There is no official estimate, or guesstimate, on the kind of inflation GST-induced price hikes could trigger in the country. The Centre feels such an estimate at this stage will obviously run the risk of falling short of expectations. But the sheer fact that prices of most essential goods and services, such as hardware material or dining or cinema tickets, could go up anywhere between 14-28 per cent is itself proof that the inflationary damage of GST could be alarmingly anti-people and can pull down the economy several notches down in the short to long term. If demonetisation could impact the general public life way beyond expectation, it is anybody’s guess how the widespread price fluctuation arising out of GST’s implementation could jeopardise the formal and informal economies of the country. Economists siding with the government say that these pains will be put to rest in the longer term when growth picks and goods move hassle-free across States, cutting logistic costs and entry-exit taxes and other nagging levies. But that’s hardly an excuse for the woes that would precede the reform especially given the fact that the victims of such a reform belong to a class of society which will find it extremely difficult to get out their precarious economic conditions as fast as the armchair economists expect them to. Mind you, the GST is an indirect tax. It is levied when a consumer buys a good or avails a service. So, in most occasions the impact of GST will be scattered and most people won’t be able to realise the impact soon enough. It’s a silent killer.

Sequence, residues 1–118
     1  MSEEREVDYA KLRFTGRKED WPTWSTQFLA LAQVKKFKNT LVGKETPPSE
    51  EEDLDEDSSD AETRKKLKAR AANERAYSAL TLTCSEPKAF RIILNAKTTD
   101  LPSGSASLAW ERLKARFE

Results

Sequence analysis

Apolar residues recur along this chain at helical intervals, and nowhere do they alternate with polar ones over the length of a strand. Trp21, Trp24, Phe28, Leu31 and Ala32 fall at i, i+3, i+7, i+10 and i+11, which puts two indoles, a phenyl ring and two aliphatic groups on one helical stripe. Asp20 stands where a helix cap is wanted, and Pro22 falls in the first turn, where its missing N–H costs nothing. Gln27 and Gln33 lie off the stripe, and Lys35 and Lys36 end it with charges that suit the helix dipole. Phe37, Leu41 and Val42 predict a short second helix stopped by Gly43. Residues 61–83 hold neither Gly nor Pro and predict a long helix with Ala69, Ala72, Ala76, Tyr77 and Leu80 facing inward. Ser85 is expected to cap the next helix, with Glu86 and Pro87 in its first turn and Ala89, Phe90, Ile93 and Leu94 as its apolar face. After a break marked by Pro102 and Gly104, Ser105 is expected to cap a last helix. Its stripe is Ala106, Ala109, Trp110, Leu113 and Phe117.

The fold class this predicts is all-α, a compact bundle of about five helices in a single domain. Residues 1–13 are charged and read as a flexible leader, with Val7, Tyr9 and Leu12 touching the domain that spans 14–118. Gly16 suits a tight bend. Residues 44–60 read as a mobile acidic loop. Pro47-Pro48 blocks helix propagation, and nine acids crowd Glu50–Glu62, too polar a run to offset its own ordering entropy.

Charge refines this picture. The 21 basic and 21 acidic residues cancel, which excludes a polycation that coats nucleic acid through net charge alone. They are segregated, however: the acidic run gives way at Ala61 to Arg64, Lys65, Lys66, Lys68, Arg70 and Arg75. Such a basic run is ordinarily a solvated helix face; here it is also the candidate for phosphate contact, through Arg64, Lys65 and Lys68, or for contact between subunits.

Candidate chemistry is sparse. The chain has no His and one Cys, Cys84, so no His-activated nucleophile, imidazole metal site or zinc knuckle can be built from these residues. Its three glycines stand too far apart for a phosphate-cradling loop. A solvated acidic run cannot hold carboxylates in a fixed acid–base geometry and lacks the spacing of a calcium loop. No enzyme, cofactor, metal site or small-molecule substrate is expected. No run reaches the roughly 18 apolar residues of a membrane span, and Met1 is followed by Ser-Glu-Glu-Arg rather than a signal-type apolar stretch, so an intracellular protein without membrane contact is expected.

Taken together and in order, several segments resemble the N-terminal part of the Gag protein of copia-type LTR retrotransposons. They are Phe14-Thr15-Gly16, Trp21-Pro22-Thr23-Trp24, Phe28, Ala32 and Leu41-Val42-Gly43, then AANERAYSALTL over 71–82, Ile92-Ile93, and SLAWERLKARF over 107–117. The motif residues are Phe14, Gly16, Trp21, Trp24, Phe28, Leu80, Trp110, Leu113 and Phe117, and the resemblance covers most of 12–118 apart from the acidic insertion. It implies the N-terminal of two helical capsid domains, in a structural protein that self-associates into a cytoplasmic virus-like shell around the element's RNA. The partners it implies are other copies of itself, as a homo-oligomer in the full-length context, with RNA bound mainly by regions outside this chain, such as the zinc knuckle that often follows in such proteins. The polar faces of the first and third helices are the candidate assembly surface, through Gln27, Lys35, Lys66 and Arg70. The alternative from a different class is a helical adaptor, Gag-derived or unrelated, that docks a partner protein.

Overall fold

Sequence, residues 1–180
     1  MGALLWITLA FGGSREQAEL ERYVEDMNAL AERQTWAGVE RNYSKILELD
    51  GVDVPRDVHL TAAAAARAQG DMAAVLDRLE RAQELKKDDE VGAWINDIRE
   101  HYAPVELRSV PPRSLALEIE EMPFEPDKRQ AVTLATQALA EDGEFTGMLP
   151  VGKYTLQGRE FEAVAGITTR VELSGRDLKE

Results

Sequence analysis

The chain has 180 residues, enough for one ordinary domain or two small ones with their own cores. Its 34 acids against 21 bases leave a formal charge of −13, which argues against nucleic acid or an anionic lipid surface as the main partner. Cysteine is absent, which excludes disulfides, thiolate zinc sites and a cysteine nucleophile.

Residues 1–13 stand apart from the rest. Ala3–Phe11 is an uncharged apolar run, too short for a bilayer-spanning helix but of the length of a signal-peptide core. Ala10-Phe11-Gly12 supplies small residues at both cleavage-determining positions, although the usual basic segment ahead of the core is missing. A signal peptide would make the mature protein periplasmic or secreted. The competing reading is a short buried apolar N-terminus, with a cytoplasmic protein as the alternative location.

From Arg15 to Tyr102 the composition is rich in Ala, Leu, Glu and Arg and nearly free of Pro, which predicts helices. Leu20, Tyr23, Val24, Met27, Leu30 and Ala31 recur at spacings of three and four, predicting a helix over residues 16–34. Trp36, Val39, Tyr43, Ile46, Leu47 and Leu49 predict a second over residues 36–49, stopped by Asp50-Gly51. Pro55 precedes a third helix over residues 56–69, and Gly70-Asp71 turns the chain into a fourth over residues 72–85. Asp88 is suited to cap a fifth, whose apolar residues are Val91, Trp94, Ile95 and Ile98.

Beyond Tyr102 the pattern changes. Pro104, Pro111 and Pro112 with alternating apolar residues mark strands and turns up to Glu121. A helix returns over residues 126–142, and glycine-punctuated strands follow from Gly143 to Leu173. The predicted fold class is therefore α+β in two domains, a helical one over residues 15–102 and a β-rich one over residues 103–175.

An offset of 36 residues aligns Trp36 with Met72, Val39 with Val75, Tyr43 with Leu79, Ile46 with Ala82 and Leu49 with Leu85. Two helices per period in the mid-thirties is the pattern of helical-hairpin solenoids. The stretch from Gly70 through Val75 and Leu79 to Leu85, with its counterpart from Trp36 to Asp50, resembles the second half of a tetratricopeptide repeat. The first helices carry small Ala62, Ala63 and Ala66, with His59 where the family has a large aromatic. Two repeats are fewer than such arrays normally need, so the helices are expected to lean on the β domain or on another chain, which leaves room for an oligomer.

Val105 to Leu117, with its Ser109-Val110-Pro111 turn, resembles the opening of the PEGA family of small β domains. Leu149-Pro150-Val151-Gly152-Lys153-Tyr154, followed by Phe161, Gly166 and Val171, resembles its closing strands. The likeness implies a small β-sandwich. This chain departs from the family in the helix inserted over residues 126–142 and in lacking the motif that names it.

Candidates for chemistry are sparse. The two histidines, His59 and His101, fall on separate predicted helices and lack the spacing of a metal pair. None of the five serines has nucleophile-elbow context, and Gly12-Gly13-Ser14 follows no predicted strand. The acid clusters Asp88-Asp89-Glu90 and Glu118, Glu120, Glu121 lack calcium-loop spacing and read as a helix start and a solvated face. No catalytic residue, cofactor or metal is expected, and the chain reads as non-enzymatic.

Equally important is the worries around GST’s impacts to India’s federalism — loss of freedom for the State governments. States’ ability to choose their own strategies to mobilise tax-revenues will be clipped in days to come. This is blow on democracy as was pointed out by economists such as Prabhat Patnaik, who called GST a “fundamental denial of choice to the people, a basic attenuation of democracy”. It is surprising that other than a few States such as the Left-ruled Kerala or TMC-led West Bengal, most States decided to toe the central line, eyeing the extra revenues being offered. This carrot and stick of the Centre, sadly, will end up putting the very democratic fabric of the country at risk.
Another worrisome fact is the supreme powers given to the GST Council, the government body that runs the tax reform, and the GST Network, which is a cluster of private banks that executes the GST’s technical aspects. While the GST Council’s decisions cannot be, technically, questioned by Parliament, GSTN, being a suitably vague private entity, cannot be audited by government auditor CAG. The CAG has already questioned this double standard.